Usage Areas
Applications for VR


VR has always suffered from the perception that it’s little more than a glorified arcade game—literally “an escape from reality”. In that sense, “virtual reality” can be an unhelpful misnomer; “alternative reality,” “artificial reality,” or “computer simulation” might be better terms.

The key thing to remember about VR is that it really isn’t a fad or fantasy waiting in the wings to whistle people off to alternative worlds; it’s a hard-edged practical technology that’s been routinely used by scientists, doctors, dentists, engineers, architects, archaeologists, and the military for about the last 30 years.

What sorts of things can we do with it?

VR Application
Education

Difficult and dangerous jobs are hard to train for. How can you safely practice taking a trip to space, landing a jumbo jet, making a parachute jump, or carrying out brain surgery? All these things are obvious candidates for virtual reality applications. As we’ve seen already, crane simulators were among the earliest VR applications that were proven to help.

Food

VR Application
Scientific Visualization

Anything that happens at the atomic or molecular scale is effectively invisible unless you’re prepared to sit with your eyes glued to an electron microscope. But suppose you want to design new materials or drugs and you want to experiment with the molecular equivalent of LEGO. That’s another obvious application for virtual reality. Instead of wrestling with numbers, equations, or two-dimensional drawings of molecular structures, you can snap complex molecules together right before your eyes.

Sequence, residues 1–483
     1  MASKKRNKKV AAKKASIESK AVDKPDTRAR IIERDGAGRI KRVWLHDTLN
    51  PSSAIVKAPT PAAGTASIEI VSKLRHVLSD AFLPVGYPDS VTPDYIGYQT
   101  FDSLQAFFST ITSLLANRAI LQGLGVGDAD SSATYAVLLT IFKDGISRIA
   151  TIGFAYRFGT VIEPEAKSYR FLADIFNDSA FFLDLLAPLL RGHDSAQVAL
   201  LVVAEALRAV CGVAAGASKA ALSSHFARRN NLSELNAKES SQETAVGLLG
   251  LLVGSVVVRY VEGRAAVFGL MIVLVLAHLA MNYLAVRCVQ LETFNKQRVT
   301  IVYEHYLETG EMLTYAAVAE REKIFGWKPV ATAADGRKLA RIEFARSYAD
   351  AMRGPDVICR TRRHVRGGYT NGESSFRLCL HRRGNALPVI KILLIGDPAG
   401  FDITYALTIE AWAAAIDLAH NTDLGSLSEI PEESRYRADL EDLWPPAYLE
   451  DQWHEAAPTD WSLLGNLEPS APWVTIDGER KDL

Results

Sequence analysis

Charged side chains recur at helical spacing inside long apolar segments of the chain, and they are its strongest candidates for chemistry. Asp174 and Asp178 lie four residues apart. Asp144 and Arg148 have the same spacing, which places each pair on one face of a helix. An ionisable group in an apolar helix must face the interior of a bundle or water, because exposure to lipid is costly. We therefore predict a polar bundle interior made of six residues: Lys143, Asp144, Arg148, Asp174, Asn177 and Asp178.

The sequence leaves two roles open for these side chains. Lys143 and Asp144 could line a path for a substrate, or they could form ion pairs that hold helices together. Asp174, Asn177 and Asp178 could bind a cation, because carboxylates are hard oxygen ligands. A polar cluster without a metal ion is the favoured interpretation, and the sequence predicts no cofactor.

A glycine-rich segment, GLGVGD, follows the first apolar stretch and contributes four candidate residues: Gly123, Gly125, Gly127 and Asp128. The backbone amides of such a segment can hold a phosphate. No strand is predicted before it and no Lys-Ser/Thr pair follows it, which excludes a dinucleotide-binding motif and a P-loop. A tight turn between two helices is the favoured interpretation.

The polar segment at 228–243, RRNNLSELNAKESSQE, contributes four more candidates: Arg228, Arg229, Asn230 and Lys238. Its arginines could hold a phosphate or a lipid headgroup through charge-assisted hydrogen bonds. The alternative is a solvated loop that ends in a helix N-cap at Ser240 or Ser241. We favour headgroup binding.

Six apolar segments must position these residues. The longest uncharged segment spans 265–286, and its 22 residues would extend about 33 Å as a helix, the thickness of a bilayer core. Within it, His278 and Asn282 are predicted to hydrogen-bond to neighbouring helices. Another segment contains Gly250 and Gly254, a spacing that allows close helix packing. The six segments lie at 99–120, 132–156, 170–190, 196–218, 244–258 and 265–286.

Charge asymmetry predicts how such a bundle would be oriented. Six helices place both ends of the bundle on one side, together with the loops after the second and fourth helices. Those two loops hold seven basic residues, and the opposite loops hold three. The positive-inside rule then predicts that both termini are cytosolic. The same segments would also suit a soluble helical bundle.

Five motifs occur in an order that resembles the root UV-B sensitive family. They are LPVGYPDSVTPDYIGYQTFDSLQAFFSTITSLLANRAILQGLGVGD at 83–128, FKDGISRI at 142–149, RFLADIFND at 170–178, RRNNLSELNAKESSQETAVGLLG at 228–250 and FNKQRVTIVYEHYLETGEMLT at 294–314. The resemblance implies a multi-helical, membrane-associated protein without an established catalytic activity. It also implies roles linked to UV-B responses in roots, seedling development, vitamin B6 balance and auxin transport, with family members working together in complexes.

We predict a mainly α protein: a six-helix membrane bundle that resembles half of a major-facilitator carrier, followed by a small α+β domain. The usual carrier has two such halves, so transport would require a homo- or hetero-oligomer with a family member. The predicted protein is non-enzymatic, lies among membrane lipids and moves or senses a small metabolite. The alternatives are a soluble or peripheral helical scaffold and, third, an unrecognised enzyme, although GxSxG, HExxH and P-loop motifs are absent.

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VR Application
Medicine

Apart from its use in things like surgical training and drug design, virtual reality also makes possible telemedicine (monitoring, examining, or operating on patients remotely). A logical extension of this has a surgeon in one location hooked up to a virtual reality control panel and a robot in another location (maybe an entire continent away) wielding the knife. The best-known example of this is the DaVinci surgical robot, released in 2009, of which several thousand have now been installed in hospitals worldwide.

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VR Application
Design & Architecture

Architects used to build models out of card and paper; now they’re much more likely to build virtual reality computer models you can walk through and explore. By the same token, it’s generally much cheaper to design cars, airplanes, and other complex, expensive vehicles on a computer screen than to model them in wood, plastic, or other real-world materials. This is an area where virtual reality overlaps with computer modeling: instead of simply making an immersive 3D visual model for people to inspect and explore, you’re creating a mathematical model that can be tested for its aerodynamic, safety, or other qualities.